Gitmo Admiral: Detainees pretty much live in a fraternity house
Detainees released from the prison at Guantanamo Bay have complained about inhumane conditions there, but according to the admiral in charge, their living situation is "pretty much" like that in a fraternity house.
Rear Admiral Mark Buzby, who is completing a one-year assignment as the commander of the Joint Task Force Guantanamo recently held a conference call with defense bloggers to discuss the treatment of detainees.
"We're all about the safe and humane care and custody of detained enemy combatants," Buzby began. "We do that safely and we also do it ethically and transparently, and, of course, in strict accordance with the law." He added that Guantanamo is "very much different than what it's portrayed, typically, you know, in popular culture. ... The greatest compliment that I get from visitors is, 'Gosh, I never realized it was so different.'"
Blogger Andrew Lubin asked Buzby about one detainee who claimed "he was put back in solitary confinement for punitive reasons."
"We don't have any solitary confinement down here in Guantanamo," Buzby replied. "What we have is single cells. I mean, there's one person to a cell. All the cells are all right next to each other."
"That's like having a single apartment in a fraternity house," suggested Lubin.
"Pretty much," Buzby agreed. "They talk between cells, they talk between tiers, they talk between camps. It's not quiet over there, let me tell you."
A psychologist, Stephen Soldz, had already asked Buzby about reports that "three-quarters of the detainees are kept in essentially permanent isolation (units ?), in, I believe, eight-foot by 12-foot cells." Soldz said he had spoken to a military defense attorney "whose client has been in kept in these conditions for five and a half years and is -- frankly, is losing his mind."
Buzby answered that the facilities are "the very same conditions that U.S. Bureau of Prisons prisoners live in" and insisted that all the detainees "get at least two hours of outdoor recreation with other people every day" as well as a daily shower. "I have pretty good confidence that we're taking very good care of these people and that there's not a bunch of people going insane down here," he stated.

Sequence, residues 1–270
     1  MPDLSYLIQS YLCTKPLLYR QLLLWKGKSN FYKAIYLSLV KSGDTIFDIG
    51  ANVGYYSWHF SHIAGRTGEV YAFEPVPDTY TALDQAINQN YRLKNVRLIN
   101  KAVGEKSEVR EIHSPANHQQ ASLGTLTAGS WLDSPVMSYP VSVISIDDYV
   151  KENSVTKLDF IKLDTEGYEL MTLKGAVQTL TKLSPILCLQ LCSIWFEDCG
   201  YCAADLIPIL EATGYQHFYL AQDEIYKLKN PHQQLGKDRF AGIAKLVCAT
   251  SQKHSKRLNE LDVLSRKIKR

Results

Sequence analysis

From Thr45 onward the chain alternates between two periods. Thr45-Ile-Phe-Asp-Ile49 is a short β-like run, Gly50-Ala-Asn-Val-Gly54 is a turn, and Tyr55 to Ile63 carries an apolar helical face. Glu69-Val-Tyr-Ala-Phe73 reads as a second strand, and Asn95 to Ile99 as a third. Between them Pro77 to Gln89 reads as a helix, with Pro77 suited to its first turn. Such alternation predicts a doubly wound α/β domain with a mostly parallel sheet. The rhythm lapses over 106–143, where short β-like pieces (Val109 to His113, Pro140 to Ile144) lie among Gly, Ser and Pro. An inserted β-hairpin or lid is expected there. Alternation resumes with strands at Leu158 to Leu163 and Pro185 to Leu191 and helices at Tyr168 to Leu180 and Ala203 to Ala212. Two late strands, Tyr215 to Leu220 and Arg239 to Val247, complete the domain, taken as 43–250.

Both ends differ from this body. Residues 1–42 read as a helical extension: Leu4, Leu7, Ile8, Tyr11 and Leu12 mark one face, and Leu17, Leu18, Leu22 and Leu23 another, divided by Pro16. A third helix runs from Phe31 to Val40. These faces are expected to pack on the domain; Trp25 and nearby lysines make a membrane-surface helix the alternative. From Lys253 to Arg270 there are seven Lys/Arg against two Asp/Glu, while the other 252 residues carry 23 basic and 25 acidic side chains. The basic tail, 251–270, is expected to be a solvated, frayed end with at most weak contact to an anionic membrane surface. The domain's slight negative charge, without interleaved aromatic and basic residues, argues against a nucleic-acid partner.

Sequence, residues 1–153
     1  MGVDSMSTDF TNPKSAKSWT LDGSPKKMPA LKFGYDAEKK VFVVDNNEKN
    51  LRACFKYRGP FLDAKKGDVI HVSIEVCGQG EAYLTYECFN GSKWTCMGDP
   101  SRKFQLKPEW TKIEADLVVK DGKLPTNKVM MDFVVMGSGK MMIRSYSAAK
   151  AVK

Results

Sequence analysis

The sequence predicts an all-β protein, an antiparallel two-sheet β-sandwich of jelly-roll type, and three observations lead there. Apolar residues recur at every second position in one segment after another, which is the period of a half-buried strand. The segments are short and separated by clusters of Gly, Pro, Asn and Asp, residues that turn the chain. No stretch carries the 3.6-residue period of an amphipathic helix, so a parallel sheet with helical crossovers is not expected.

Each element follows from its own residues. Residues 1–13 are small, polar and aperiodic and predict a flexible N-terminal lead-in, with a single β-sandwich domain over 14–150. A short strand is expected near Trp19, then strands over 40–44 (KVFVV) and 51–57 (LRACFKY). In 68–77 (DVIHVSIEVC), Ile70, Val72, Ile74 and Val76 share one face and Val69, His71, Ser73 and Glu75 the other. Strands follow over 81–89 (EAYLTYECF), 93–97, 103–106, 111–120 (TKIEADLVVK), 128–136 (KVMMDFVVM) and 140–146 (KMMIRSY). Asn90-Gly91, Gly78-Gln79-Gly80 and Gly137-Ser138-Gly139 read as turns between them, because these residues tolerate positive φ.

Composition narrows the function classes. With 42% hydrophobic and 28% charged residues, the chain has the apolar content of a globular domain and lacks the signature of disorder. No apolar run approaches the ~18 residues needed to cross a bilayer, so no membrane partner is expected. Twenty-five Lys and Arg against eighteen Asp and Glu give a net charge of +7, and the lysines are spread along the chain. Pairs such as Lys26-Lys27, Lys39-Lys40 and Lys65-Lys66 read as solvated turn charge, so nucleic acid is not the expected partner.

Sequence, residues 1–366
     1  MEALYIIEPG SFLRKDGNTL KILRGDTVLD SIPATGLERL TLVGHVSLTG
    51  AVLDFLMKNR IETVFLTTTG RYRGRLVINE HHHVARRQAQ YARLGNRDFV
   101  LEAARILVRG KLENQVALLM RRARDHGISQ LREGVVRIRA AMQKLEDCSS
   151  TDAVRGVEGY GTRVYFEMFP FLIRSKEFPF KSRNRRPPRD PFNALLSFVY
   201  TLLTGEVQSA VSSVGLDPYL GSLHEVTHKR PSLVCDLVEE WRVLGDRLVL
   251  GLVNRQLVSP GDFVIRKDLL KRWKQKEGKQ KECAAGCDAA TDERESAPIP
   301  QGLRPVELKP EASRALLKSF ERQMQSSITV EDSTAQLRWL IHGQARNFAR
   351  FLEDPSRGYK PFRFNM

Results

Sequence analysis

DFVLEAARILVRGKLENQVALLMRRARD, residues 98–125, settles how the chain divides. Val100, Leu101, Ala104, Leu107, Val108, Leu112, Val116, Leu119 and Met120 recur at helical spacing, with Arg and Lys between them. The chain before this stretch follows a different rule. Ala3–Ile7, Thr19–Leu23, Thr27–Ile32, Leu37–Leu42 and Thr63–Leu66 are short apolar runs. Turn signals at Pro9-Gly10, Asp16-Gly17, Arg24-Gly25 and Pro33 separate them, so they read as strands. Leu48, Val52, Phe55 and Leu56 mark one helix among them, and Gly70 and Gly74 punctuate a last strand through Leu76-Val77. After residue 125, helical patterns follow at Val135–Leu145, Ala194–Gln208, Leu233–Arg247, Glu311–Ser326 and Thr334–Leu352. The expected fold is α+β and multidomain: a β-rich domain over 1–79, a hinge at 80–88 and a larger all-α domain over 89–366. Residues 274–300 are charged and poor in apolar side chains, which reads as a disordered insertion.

Soltz noted in a follow-up question that the Bureau of Prisons facilities cited by Buzby as models for Guantanamo are "supermax" prisons, meant to be used only on a temporary basis for "the worst of the worst"
In response, Buzby insisted that any of the prisoners who "behave very well and follow the camp rules" can earn the right to live in Camp 4 -- where they have communal bunk rooms and "access to recreation about 22 hours a day" -- but that the capacity in that section is "not being used right now because, you know, a lot of those detainees aren't behaving themselves."
John McCormack of the Weekly Standard then asked, "How do you ensure that those in Camp 4 are not, you know, conspiring? ... How do you ensure that this, you know, communal living, 22 hours per day of recreation, isn't leading to any conspiracies?"
Buzby replied that there had been one riot in Camp 4 in 2006, but that there has been no recurrence because he has been "decreasing the population, if you will, of Camp 4, by more closely vetting those that go in there. ... They police themselves fairly well, because many of the people, that are detained there, like the conditions and they don't want to screw it up or have it screwed up for them."